These pens are available in solid colors: classic black or cherry red with gold-plated trim, and in bright orange, teal blue, or a light powder blue with white metal trim. The Merit is a large pen, even by today's standards. It's very close in size and shape to my Aurora Talentum. It's also similar in profile to my vintage Parker Duofold, but slightly longer.
The Merit comes in an oversized dark blue (almost black) display box with a cardboard slipcase, typical of fine pens these days. There's a leather-like textured cover on the outside, spring-loaded hinges, and a rumpled cloth setting inside where the pen can sit diagonally and look precious. I'm sure this makes a nice impression in a retail store with the box sitting open in the display counter. However, it makes me long for the "good old days" when pens came in smaller cases that were more practical for storage and travel after the sale.
The pen came with no instructions, only a small card touting its lifetime mechanical warranty. I have mixed feelings about the lack of instructions. There was a time when pens came with a sheet of simple instructions. Why did that ever stop? The last couple of "fine writing instruments" that I bought came with horrible instructions. My last Pilot came with a jumble of instructions for multiple different pens, and my last OMAS came with what I can only describe as a promotional advertising booklet. By way of comparison, the lack of any instruction booklet with the Taccia is an improvement. I still wonder why modern pen companies have so much difficulty with this, though.
Look and Feel
This is a large pen. It's not heavy, but it's definitely what would have been called an "oversized" pen back in the good old days. For comparison, it's similar in girth to my Aurora Talentum and my vintage Duofold. Capped, it's just slightly longer than the Talentum. Like the Talentum, the Merit is just a tad too fat for my Mignon leather pen pouch.
The Merit most definitely does not give the impression of a "budget" pen. The plastic and metal trim are nicely polished. All the parts fit together smoothly and without gaps. The nib is marked IPG but looks good. The pen looks and feels solid. The only exception is a rattle whenever the rear of the pen is bumped or tapped. This sound is apparently coming from the converter (marked Schmidt), as the twist knob is a bit loose. This is a common characteristic of Schmidt converters, including the one that came with my OMAS Emotica, but the Merit almost seems to amplify it somehow.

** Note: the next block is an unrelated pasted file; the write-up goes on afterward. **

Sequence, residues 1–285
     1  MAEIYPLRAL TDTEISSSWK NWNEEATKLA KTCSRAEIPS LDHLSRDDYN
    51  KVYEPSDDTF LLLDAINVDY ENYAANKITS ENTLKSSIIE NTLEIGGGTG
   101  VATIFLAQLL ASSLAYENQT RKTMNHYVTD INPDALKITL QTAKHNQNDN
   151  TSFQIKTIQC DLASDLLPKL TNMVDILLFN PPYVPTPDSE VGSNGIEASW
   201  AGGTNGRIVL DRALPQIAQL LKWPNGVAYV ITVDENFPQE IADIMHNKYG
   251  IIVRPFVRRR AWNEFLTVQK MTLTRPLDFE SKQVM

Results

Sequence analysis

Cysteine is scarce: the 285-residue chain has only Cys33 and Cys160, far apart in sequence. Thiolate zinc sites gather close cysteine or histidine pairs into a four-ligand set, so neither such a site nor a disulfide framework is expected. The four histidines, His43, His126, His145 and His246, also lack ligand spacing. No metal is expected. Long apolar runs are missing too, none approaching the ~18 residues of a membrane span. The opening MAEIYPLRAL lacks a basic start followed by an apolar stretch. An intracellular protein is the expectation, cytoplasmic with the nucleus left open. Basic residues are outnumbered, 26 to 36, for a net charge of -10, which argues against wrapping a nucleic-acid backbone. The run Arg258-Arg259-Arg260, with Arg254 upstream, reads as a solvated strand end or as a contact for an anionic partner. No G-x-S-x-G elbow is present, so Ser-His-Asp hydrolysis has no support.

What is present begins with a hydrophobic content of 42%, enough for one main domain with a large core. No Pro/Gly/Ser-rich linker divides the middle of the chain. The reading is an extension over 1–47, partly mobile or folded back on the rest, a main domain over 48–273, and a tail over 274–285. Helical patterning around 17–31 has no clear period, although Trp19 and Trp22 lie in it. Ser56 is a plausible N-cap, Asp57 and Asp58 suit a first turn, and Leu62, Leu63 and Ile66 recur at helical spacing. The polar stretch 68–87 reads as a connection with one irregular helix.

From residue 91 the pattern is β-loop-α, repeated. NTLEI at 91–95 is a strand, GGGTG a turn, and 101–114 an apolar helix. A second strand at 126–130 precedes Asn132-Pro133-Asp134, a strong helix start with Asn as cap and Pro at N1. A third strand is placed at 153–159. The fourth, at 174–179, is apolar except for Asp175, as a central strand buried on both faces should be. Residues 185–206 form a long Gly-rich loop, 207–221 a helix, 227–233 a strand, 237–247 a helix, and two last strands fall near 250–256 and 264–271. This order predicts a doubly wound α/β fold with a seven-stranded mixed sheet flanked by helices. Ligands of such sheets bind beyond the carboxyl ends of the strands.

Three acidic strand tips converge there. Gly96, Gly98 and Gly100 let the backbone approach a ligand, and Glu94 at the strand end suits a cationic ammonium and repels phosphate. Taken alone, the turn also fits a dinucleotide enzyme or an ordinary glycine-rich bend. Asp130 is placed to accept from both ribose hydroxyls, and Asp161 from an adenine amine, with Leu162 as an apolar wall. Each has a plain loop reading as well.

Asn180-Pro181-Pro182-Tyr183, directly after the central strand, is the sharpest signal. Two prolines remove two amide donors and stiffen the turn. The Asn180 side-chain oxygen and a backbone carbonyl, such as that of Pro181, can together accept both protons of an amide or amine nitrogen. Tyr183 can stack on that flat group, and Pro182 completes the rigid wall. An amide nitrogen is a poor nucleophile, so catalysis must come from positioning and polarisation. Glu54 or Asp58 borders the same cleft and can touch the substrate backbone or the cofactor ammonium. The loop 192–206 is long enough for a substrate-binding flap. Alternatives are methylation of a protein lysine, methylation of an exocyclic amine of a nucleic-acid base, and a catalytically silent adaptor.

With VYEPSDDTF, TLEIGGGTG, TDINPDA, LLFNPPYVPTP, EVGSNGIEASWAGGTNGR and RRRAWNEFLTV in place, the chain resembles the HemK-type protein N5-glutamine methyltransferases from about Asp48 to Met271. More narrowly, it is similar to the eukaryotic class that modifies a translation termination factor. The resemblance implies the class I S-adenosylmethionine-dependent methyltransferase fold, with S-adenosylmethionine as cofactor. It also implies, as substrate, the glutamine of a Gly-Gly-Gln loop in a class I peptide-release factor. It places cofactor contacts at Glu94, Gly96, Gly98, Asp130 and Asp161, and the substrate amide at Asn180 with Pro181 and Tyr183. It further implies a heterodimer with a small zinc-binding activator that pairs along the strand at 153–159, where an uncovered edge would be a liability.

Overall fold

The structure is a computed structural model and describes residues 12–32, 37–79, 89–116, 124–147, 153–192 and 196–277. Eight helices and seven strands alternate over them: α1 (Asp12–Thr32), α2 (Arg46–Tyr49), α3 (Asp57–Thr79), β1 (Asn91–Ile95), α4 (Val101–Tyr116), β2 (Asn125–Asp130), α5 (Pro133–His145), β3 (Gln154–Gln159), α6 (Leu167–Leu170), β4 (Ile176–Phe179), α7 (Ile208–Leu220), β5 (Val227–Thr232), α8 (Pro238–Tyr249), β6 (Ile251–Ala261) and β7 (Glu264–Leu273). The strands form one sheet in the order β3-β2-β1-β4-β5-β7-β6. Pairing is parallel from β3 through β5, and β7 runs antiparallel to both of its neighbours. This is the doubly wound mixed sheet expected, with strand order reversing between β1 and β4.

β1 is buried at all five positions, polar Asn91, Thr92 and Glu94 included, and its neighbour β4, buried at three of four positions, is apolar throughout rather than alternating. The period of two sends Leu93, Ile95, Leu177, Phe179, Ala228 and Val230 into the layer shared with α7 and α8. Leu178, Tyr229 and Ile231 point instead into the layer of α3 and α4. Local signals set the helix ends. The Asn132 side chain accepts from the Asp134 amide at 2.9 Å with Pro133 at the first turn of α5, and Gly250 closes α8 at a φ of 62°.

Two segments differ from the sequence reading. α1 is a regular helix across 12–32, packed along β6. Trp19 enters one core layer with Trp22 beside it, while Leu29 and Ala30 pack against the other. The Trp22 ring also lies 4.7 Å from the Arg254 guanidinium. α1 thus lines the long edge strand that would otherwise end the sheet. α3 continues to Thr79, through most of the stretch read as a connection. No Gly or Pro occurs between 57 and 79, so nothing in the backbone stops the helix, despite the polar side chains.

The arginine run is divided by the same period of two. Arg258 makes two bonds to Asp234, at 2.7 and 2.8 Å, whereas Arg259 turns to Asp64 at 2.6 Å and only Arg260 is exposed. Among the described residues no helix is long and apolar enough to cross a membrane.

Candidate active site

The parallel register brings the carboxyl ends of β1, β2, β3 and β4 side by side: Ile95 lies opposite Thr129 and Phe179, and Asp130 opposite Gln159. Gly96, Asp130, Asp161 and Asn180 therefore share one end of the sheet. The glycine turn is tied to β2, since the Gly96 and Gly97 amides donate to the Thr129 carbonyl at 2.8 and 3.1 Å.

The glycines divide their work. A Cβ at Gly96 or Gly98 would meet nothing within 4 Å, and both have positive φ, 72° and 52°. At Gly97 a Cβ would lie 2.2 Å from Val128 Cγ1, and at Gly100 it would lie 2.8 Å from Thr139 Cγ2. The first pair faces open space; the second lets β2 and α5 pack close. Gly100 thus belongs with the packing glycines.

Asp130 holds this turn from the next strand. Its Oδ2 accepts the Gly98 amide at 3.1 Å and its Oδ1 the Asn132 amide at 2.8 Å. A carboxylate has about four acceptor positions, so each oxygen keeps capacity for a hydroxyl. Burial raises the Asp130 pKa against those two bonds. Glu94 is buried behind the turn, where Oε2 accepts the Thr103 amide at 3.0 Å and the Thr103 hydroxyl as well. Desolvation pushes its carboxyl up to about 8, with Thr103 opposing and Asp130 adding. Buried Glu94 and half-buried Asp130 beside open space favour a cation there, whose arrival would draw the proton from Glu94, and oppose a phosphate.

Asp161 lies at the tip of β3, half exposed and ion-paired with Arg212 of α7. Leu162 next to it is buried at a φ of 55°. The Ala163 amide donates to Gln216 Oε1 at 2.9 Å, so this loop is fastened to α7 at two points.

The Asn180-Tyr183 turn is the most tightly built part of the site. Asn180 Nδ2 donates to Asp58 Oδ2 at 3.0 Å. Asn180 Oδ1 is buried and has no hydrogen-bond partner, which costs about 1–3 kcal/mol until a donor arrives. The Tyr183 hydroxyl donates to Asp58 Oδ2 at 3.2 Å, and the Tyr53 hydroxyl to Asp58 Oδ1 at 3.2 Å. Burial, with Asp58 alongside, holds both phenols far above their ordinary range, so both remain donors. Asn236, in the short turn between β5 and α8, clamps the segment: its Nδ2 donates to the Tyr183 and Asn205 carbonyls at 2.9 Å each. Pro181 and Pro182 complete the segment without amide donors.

The cap screws on, and it takes 2-1/2 full turns to release. That's more than most of my screw-cap pens, and it makes the Merit a little slower to deploy -- a minor annoyance. The clip is nice and long, with a no-nonsense round ball at the end, which I like.
The cap also posts positively, stopping against a metal trim piece which I assume was placed for that very purpose. This is a lightweight pen for its size, so it's no problem to use posted. (I've fallen out of the habit of posting my pens, anyhow.)
I'd say the most distinguishing feature of this pen is the ink window. I've never been a fan of ink windows on cartridge-converter pens; it wasn't a feature that I looked for. Now, after seeing how nicely this is done, I'm sold on it. It's easy to see if the pen has ink, and the window doesn't detract in any way from its styling.